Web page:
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Watch And Learn: Our Favorite Videos On The Theory Of Relativity

Theory of General Relativity

This cute animation does an excellent job of explaining the history and meaning of general relativity.

The Atom Diagram Isn’t What An Atom Looks Like

The diagram of an atom is among the most familiar symbols of science there is. Unfortunately, it’s not actually what atoms look like, and we’ve known that for nearly a century.


How The Diagram Came To Be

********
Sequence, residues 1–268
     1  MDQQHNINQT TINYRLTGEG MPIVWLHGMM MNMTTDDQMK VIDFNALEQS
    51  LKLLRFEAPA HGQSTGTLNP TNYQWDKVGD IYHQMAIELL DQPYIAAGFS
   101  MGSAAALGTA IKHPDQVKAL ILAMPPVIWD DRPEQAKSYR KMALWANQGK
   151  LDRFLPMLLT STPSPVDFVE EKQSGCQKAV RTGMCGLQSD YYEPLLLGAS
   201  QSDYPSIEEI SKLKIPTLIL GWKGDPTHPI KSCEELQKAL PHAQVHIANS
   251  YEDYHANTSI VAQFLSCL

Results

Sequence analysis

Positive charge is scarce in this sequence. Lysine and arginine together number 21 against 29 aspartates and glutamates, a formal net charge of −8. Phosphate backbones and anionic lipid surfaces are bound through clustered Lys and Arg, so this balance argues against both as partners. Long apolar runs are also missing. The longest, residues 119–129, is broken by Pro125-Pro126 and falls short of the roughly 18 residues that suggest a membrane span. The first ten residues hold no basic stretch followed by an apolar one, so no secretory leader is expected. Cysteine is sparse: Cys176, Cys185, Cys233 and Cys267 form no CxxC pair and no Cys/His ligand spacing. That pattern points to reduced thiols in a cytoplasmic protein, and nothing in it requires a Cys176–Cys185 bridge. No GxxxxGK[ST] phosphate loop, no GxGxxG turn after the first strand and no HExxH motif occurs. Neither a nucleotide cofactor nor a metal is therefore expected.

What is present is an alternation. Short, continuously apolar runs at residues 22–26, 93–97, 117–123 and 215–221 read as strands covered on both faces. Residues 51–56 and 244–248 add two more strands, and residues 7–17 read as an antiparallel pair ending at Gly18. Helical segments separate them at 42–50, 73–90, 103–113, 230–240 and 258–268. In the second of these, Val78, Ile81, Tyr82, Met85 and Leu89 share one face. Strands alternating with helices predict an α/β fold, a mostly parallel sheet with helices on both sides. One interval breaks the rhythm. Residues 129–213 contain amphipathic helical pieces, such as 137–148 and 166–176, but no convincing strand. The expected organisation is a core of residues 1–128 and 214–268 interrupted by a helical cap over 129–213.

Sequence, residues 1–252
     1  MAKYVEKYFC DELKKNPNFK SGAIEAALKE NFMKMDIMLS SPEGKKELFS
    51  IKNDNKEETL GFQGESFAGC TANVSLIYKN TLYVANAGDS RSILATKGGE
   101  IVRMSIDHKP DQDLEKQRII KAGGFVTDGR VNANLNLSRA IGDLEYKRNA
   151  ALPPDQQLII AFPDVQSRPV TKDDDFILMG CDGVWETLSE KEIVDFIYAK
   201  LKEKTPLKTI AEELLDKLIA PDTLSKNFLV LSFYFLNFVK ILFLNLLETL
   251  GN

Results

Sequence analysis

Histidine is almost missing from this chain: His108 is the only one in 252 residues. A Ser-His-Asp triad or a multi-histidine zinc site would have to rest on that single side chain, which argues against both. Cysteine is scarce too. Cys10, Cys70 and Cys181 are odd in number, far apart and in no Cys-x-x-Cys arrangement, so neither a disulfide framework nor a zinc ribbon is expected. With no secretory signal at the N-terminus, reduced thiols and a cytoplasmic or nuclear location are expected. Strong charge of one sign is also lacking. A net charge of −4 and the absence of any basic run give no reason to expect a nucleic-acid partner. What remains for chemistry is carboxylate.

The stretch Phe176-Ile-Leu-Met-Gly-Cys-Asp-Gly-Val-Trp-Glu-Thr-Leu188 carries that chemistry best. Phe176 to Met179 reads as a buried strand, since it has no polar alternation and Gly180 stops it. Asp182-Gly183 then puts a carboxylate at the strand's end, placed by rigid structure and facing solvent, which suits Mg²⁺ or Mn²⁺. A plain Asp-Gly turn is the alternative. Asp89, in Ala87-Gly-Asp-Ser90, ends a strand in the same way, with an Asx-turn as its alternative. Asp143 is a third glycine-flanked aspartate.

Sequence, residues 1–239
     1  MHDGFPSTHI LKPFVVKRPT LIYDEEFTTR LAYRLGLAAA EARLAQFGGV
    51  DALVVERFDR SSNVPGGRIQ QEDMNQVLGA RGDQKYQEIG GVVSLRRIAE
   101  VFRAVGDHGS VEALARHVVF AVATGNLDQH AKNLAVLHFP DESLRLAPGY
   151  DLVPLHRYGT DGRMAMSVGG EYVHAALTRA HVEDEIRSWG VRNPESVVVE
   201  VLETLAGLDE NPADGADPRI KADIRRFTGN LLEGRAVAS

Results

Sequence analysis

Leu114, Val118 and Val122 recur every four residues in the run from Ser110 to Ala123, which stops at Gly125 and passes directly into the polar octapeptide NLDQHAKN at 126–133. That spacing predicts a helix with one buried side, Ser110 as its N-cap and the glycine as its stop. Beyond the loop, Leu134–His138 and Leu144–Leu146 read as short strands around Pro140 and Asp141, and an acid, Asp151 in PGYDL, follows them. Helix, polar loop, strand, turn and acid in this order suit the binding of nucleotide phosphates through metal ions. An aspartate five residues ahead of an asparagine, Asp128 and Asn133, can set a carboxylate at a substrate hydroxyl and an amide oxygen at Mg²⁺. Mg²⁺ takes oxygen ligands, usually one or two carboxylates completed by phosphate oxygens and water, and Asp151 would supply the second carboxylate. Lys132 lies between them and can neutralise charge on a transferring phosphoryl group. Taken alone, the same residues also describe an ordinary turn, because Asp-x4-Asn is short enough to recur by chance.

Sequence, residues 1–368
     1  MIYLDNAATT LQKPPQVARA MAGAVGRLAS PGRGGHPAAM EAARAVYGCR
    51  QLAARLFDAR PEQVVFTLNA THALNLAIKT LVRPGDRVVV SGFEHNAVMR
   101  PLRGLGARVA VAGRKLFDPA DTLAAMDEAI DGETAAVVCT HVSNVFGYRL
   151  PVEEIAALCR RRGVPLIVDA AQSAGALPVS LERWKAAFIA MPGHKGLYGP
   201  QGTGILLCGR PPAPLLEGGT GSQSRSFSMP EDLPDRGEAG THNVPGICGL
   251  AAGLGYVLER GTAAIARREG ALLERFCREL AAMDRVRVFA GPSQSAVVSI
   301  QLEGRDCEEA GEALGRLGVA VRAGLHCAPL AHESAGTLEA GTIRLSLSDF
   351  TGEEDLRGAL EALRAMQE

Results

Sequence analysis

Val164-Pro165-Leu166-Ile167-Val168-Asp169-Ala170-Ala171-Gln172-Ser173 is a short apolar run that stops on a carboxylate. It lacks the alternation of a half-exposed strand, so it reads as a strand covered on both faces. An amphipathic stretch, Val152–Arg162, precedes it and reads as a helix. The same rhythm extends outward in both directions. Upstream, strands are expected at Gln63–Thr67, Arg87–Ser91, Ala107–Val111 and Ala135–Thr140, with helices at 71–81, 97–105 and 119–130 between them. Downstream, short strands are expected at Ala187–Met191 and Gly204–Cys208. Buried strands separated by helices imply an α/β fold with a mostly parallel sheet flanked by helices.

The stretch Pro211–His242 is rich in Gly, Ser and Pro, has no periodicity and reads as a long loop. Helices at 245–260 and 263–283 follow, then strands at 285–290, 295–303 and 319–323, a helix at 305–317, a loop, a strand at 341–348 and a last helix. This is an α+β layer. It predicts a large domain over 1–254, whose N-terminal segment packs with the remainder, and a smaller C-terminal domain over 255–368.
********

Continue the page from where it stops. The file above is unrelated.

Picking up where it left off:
The history of the atomic model is long—we could go back as far as the ancient Greeks, really—but for our purposes, we can start around 1900. It was about then that Sir Joseph John Thomson discovered the electron, which is the negatively charged part of an atom. He proposed that these electrons were captured in uniform spheres of positively charged matter. This was dubbed the “plum-pudding model,” since the electrons in the positive substance is a bit like plums in English pudding. New Zealand physicist Ernest Rutherford discovered that if you shoot positive particles at atoms (in the form of gold foil), they don’t all bounce off the way they should if there was a large mass of positive “pudding.” Instead, some bounce off, but most pass through, suggesting that electrons are spaced around a small mass of positive substance—a nucleus, if you will. He rejiggered the model in 1911 to have electrons orbiting a nucleus the way that planets orbit the sun, which was dubbed the “planetary model,” for obvious reasons. The planetary model has become the most famous symbol for the atom—even though it was refined only two years later by Danish physicist Niels Bohr.